Have you heard of the Colorado Jewish Indian who fought in an 1868 battle near Wray? Neither had we! OK, he wasn’t actually an Indian, the headline in the July 26, 1951 edition of the IJN led us slightly astray. Here’s how it breaks down: Sigmund “Sid” Shlesinger was a 19-year-old from Cleveland who was a scout in Colorado. He boasted of gruesome exploits against local Indians and also claimed to kill and eat a coyote due to “the lack of grub.”
He recorded his exploits in a diary, which in 1951 had come into the possession of the American Jewish Archives in Cincinnati, hence the IJN article.
The Battle of Beecher Island, in which Shlesinger participated, saw “a band of fifty mounted scouts” hold off “about a thousand Cheyenne and Sioux warriors for nine days during September, 1868, in Eastern Colorado.”
According to the IJN article, Shlesinger was “immortalized by historians,” who referred to him as “the little Jew,” a moniker given to him by General James Fry who in his book Army Sacrifices wrote of Shlesinger: “When the foe charged on the breastworks/ With the madness of despair/ And the bravest souls were tested/ The Little Jew was there.”
Fry’s poem speaks to longstanding stereotypes about colonizers — “bravest of souls” — versus Indians — “madness.” The article in the IJN also adopts this perspective.
The Battle of Beecher Island, also known as the Battle of Arikaree Fork, saw the deaths of Chief Roman Nose of the Northern Cheyenne and Lt. Frederick Beecher, and was a key battle in a years-long conflict between Plains Indians and US forces for control of the Great Plains. Shlesinger’s diary became one of those known sources of the battle that saw five scouts and dozens of Plains Indians die.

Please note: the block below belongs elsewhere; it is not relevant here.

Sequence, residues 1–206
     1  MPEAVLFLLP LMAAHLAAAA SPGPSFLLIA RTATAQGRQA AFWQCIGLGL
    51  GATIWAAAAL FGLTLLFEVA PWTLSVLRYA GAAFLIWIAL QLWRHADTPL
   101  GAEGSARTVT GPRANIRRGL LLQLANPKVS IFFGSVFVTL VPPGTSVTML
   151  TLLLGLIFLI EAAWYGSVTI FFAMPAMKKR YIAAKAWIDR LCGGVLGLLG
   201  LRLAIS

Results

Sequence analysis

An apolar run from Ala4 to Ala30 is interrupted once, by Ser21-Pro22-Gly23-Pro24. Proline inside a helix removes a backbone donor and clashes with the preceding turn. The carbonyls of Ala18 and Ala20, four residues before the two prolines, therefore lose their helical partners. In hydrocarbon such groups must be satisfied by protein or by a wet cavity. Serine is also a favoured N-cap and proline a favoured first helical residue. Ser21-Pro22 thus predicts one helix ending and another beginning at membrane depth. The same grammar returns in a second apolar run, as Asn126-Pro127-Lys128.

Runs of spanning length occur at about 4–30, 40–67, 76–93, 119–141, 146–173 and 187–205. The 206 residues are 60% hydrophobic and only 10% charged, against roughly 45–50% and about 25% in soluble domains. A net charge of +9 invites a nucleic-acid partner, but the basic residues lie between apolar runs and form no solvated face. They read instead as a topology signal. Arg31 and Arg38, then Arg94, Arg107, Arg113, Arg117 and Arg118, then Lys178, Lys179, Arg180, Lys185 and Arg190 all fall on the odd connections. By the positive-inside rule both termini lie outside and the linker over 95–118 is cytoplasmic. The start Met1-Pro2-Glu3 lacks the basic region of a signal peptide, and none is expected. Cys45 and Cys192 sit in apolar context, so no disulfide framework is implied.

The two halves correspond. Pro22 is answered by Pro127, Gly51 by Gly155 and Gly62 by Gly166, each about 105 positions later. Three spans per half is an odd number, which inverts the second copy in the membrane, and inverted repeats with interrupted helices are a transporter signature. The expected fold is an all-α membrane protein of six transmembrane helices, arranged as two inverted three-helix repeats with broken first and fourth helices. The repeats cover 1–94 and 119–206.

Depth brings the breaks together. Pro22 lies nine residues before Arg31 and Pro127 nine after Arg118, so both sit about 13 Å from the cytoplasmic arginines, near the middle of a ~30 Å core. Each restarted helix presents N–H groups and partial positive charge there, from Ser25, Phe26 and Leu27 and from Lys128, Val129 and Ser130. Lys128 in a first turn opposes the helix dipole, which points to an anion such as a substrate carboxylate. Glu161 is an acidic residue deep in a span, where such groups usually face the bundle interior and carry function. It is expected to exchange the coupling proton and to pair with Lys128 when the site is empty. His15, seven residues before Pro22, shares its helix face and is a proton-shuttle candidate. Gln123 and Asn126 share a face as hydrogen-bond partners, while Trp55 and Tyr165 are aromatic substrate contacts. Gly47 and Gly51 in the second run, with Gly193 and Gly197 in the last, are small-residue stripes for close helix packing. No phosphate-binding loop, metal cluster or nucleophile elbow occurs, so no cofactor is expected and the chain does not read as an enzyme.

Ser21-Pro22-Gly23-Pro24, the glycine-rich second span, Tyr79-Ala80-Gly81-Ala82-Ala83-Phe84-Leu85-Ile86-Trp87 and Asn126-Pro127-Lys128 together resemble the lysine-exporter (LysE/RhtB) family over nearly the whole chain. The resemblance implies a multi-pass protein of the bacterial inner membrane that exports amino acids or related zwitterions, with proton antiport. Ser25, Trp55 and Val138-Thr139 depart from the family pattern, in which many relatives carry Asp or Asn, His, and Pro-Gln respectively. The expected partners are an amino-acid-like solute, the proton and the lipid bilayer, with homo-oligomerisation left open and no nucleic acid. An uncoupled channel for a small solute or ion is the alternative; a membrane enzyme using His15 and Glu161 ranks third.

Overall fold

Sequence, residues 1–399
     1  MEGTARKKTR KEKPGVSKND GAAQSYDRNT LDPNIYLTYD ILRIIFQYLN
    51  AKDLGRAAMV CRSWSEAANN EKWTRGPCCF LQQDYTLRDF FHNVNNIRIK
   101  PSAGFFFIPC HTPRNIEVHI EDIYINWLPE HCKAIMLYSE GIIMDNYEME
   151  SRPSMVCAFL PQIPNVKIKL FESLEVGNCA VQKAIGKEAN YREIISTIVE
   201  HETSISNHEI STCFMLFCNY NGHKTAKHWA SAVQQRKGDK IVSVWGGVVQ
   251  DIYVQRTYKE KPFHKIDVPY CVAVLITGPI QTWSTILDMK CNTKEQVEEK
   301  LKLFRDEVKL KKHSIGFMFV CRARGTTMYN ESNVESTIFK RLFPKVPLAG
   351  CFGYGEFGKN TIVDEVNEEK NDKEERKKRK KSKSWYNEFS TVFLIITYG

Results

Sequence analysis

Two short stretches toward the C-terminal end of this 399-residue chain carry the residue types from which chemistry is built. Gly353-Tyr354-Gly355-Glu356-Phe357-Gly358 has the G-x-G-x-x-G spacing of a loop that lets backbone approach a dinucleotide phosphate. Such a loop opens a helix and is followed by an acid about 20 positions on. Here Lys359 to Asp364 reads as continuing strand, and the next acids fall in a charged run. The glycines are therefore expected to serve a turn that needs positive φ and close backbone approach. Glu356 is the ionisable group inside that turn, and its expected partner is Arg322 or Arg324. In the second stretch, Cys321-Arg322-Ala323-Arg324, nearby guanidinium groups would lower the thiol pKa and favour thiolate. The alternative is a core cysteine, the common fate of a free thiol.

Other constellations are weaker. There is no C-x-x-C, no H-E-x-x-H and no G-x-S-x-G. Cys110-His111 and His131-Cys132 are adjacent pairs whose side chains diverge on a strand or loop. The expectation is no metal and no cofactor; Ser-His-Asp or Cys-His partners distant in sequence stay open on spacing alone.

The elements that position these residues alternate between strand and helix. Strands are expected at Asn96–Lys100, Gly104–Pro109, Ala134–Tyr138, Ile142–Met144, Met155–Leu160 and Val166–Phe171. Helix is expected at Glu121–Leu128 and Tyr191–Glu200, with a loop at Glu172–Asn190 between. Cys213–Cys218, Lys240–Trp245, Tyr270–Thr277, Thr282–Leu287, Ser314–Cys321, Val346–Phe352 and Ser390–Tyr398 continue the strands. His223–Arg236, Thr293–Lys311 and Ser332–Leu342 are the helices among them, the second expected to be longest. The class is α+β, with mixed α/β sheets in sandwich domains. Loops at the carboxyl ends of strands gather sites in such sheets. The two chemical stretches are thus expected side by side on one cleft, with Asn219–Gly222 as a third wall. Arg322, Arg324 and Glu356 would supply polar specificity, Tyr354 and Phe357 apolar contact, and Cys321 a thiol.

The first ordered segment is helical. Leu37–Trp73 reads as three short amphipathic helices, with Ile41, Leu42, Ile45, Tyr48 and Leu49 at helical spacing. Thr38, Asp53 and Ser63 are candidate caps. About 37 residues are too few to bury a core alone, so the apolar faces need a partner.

Following the battle, Shlesinger returned to his family in New York and later moved to Cleveland (some sources, including the IJN, imply he was from Cleveland at the time of the battle; we were unable to verify) where he went into the tobacco business and became a well-respected member of Cleveland’s Jewish community.
Though wars in the West against Native Americans are rightly viewed very differently today, there is a David-and-Goliath aspect to the Battle of Beecher Island. From a broad lens perspective, Native Americans ultimately had little to no power against encroachments by colonizers into their territory, but in that battle it was 50 US Americans against a revered 1,000-strong band of fighters under Chief Roman Nose (also known as Chief Hook Nose). Shelsinger played a pivotal role and for that he was still remembered years later by his commanding officer, Gen. Forsyth who wrote of him:
“He had never been in action prior to our fight with the Indians and throughout the whole engagement which was one of the hardest, if not the very hardest, ever fought on the Western plains, he behaved with great courage, cool persistence and a dogged determination that won my unstinted admiration as well as that of his comrades, many of whom had seen service throughout the War of Rebellion on one side or the other.”
Read more about Sigmund Shlesinger on JewishMilitary.org. His full diary can be found in the July, 1952 edition of The Colorado Magazine.
This online feature explores the IJN’s new digital archive, discovering the news of the week, years ago.